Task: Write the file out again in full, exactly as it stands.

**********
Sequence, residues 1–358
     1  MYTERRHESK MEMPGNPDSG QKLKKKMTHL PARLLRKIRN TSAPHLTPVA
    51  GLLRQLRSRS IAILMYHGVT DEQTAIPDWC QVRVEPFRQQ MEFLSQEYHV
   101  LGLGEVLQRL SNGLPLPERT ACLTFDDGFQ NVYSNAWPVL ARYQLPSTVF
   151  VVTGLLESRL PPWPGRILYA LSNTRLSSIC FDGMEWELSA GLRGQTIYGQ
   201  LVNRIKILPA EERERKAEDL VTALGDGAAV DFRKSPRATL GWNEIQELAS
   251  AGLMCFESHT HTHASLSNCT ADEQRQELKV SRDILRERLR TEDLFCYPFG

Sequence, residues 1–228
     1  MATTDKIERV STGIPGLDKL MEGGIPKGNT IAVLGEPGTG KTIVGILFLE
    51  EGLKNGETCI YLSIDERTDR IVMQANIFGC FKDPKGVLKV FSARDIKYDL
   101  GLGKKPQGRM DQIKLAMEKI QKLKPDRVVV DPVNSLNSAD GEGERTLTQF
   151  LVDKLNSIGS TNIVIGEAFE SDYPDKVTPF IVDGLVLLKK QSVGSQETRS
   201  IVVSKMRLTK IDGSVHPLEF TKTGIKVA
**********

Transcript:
Sequence, residues 1–358
     1  MYTERRHESK MEMPGNPDSG QKLKKKMTHL PARLLRKIRN TSAPHLTPVA
    51  GLLRQLRSRS IAILMYHGVT DEQTAIPDWC QVRVEPFRQQ MEFLSQEYHV
   101  LGLGEVLQRL SNGLPLPERT ACLTFDDGFQ NVYSNAWPVL ARYQLPSTVF
   151  VVTGLLESRL PPWPGRILYA LSNTRLSSIC FDGMEWELSA GLRGQTIYGQ
   201  LVNRIKILPA EERERKAEDL VTALGDGAAV DFRKSPRATL GWNEIQELAS
   251  AGLMCFESHT HTHASLSNCT ADEQRQELKV SRDILRERLR TEDLFCYPFG

Sequence, residues 1–228
     1  MATTDKIERV STGIPGLDKL MEGGIPKGNT IAVLGEPGTG KTIVGILFLE
    51  EGLKNGETCI YLSIDERTDR IVMQANIFGC FKDPKGVLKV FSARDIKYDL
   101  GLGKKPQGRM DQIKLAMEKI QKLKPDRVVV DPVNSLNSAD GEGERTLTQF
   151  LVDKLNSIGS TNIVIGEAFE SDYPDKVTPF IVDGLVLLKK QSVGSQETRS
   201  IVVSKMRLTK IDGSVHPLEF TKTGIKVA